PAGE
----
You will investigate the extent to which Science and Medicine from the Global North as we know it today, have been largely founded on colonialism, oppression, slavery, discrimination and injustice. This will form the basis for critical analysis of key historical events [e.g. Tuskegee Experiment: the infamous Syphilis study; J Marion Sims (The Father of Modern Gynaecology) surgically experimenting on enslaved Black women] and the extent to which they perpetuate exclusion and injustice on modern day education, healthcare and clinical practice. You will present your research in an individual opinion piece that will be formulated with objectivity and supported by existing evidence and literature. All differing viewpoints backed by research and evidence are highly welcome and recommended to enhance the vibrancy and robustness of discussions and debates.

This module will also enable you to reflect on the role you can play now and in future, regardless of your career paths, to dismantle systems founded on racism and oppression and contribute to an ecosystem of equality, diversity and inclusion. Through this module, you will become co-creators of solutions and strategies to make Science and Medicine more inclusive and representative, which can then be integrated into the Exeter curricula.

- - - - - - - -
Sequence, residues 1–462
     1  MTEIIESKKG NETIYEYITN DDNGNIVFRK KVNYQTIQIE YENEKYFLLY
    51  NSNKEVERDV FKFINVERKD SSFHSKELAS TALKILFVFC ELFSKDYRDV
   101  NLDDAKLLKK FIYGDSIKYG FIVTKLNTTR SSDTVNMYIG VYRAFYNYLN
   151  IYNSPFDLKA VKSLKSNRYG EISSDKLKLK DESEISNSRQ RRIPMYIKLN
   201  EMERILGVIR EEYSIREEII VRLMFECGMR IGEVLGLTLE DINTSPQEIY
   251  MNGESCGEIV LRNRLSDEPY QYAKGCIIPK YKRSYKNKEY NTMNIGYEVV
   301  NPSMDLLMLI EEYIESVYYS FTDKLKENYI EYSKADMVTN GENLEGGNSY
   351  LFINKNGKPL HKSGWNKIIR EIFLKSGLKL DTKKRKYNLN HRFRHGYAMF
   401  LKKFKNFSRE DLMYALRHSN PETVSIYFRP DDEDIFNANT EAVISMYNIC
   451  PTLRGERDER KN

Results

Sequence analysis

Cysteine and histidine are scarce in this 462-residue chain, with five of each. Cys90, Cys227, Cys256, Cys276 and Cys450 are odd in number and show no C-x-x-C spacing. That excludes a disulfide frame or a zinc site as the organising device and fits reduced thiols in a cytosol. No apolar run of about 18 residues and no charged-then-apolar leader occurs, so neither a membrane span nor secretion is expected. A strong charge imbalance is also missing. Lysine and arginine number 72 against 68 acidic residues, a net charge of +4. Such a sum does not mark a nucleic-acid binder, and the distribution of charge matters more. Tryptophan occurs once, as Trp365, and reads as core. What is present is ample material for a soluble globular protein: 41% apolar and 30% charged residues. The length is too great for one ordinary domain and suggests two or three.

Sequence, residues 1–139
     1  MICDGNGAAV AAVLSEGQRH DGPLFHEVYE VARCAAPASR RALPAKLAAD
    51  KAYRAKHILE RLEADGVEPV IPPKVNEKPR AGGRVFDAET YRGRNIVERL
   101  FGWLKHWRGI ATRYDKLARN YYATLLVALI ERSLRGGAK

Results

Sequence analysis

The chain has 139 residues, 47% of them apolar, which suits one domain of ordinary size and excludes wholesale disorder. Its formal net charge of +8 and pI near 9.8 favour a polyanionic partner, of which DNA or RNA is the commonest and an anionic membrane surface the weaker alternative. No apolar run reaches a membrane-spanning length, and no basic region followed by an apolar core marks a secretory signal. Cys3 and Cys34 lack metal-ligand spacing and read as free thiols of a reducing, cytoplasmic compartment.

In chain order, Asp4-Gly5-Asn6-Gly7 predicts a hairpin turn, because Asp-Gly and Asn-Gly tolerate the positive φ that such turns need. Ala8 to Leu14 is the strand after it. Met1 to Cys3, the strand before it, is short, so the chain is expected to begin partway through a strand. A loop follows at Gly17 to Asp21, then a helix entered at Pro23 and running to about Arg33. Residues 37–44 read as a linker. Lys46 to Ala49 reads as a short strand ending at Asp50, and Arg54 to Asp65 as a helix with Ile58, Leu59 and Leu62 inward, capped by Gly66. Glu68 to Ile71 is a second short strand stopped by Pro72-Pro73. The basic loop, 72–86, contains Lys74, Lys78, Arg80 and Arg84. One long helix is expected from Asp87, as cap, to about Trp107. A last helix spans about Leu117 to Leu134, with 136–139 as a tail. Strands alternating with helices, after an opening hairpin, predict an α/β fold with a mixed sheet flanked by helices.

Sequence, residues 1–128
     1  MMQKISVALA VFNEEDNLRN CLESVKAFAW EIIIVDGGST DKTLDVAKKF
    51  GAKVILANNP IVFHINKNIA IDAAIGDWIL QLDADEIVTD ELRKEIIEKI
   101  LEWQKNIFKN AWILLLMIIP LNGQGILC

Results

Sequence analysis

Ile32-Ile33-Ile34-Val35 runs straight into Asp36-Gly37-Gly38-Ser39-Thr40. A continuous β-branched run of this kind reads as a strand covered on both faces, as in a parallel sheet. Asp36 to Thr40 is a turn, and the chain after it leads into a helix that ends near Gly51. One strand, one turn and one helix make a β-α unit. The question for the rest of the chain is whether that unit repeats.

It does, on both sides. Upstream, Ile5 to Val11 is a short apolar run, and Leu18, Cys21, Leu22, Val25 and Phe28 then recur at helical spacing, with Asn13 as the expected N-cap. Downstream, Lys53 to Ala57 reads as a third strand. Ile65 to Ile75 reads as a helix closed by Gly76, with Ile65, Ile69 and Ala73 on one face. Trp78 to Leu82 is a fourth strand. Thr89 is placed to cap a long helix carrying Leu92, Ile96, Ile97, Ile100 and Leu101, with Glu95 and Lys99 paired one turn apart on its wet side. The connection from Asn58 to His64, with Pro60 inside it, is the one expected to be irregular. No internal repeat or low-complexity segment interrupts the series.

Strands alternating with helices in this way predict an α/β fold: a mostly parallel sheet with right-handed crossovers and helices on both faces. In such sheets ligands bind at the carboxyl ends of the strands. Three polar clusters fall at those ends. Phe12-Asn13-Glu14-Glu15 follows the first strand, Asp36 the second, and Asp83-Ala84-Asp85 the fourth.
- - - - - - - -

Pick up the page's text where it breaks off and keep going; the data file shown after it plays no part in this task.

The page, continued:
Using experiential and critical reflection students will explore how to become a successful change agent. Throughout the module students will embark on a journey of self-development; critically inquire change agents and engage in practical fieldwork. The aims of the module are structured around: Students self-awareness and personal development, Exploring and understanding change agents in action, Planning, implementing and reflecting upon a change initiative.

As governments evidence a leadership deficit in their ability to tackle the global challenges of the 21st century, society is increasingly expecting business to help build cohesive and prosperous societies and promote a more sustainable form of capitalism. By developing strategies aimed at achieving longer term, rather than short term objectives and incorporating sustainability and corporate social responsibility in their strategic planning business is in a position to make a positive contribution to society.